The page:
It could be argued that problems with your sexuality are more effectively resolved out and about with your peers, than in the cosy framework of the classroom. Yet part of the motivation for repealing Section 28 is a sense that young people's friends are actually their biggest problem, and peer-group attitudes need to undergo a dramatic transformation. So as well as giving support to confused youngsters, this initiative is an onslaught on the prejudices of the 'lad' - the brutish, homophobic, emotionally illiterate ape, who without the support of Donald Dewar's counselling, it is assumed, will grow up unable to express his feelings or admit his vulnerabilities. In an attempt to train these lads to be tolerant, anti-bullying initiatives and research projects have been set up in Scotland, focusing their attention on 'sex taunts' in schools. One such report has led to a booklet being distributed to all schools, recently reported under headlines like 'Children as young as seven are victims of homophobic bullying'. Whether or not these seven-year-old children themselves are aware that they are either the victims or perpetrators of 'homophobic bullying' is unclear. What is clear, however, is that if the criteria of intolerance and abuse is based on calling somebody a poof, then every child in Scotland I have ever worked with must be a homophobe.
The notion that homophobia and homophobic bullying are among the biggest problems facing schoolchildren today is particularly strange when you consider that, while a majority of Scots have come out in opposition to the 'promotion' of homosexuality in schools, over 80 percent of adults believe that tolerance of homosexuality should be taught in schools. And there is no doubt that tolerance of homosexuality is greatest among the younger generation - 18- to 34-year olds, who are capable of a relaxed attitude towards homosexuality without ever having had it lectured to them by teacher.
The overriding problem with the emphasis on sex and relationships education, whether it deals with homosexuality or not, is that informal relationships once developed by young people themselves are made into an emotional framework laid down by schools, counsellors and government ministers. Friendships developed by young people are often the best way for them to learn about issues they don't fully understand or feel comfortable with. Through gossip or mickey taking, as well as the intimate discussions had by all teenagers (even lads), young people are able to explore how they and others feel about areas of life they often feel unable to discuss with adults. Now, this spontaneous process is perceived as the problem of young people being 'browbeaten' by peers, and sex and relationships are treated as formal subjects that can only be taught by experts and regulated by laws. How approaching this aspect of growing up as a GCSE in the making, with right answers and scripted forms of behaviour, will actually help young people improve their confidence or decide their sexuality is anybody's guess.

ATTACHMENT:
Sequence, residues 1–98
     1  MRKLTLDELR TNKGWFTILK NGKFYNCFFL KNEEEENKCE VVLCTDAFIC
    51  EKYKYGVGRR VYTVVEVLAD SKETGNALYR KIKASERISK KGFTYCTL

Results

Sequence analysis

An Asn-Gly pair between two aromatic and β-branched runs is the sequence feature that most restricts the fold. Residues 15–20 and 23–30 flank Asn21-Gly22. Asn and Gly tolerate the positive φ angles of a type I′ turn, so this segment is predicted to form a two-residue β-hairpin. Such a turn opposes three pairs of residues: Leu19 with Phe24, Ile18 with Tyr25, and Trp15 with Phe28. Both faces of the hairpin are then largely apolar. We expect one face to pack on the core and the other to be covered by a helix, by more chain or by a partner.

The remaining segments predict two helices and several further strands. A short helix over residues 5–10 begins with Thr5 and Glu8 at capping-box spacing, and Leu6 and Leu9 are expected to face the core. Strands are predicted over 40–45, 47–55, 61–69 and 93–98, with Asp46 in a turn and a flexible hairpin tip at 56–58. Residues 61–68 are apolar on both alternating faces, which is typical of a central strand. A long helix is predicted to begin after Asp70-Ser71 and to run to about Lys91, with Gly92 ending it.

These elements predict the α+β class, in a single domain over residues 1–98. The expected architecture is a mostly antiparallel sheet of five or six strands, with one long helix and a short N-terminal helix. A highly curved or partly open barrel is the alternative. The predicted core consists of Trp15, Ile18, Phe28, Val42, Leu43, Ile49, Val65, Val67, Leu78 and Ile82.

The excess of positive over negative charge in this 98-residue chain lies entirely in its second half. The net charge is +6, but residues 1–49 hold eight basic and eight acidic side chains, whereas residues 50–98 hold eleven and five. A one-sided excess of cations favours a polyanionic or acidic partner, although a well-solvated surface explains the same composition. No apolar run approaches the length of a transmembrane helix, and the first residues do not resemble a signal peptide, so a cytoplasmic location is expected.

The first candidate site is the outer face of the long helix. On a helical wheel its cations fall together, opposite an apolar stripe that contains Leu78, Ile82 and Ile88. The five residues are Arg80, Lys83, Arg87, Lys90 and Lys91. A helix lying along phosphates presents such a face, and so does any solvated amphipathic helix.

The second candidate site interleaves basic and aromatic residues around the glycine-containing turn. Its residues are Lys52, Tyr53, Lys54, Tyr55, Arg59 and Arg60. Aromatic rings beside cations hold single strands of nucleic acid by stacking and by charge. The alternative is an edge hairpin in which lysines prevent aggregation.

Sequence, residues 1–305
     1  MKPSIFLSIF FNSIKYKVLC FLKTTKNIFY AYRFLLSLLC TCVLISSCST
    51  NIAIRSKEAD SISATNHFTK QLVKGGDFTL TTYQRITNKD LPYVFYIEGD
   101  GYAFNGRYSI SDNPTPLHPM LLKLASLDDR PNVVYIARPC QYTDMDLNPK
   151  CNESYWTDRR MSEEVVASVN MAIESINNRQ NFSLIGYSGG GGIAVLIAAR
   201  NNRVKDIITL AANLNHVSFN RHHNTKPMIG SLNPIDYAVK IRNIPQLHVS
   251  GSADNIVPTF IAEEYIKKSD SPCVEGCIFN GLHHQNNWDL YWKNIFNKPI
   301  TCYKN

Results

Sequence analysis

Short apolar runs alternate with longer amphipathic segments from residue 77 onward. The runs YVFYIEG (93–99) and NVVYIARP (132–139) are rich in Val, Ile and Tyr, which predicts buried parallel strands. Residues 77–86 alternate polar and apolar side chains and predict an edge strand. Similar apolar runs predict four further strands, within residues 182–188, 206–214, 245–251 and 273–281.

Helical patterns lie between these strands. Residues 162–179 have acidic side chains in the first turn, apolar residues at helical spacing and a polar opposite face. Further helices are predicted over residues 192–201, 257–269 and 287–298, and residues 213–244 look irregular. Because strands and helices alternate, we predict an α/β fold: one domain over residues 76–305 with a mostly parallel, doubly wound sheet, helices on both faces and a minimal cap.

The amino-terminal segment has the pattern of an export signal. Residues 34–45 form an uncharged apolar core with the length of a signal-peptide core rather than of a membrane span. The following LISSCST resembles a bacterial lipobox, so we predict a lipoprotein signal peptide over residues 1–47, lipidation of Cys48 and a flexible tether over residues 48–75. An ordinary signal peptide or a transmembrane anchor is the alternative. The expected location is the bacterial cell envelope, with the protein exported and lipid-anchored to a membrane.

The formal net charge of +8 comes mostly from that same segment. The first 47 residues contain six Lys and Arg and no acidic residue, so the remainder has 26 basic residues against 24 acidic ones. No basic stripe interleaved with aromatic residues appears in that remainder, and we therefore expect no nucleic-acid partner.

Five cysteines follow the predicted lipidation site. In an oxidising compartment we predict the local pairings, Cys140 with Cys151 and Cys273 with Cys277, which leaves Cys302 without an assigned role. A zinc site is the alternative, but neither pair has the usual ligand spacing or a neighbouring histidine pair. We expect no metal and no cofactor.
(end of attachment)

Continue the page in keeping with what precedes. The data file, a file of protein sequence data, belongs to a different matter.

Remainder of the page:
As a bit of a boy at school myself, with no formal training in tolerance or sexual awareness, I still managed somehow to go to university and campaign against the introduction of Section 28. I could never have imagined then that the move to repeal it would have its own, more powerful moral agenda - dressed up in the language of tolerance.
Stuart Waiton is a community worker and a researcher for Generation: Youth Issues (www.generation.clara.net)
Reproduced from LM issue 128, March 2000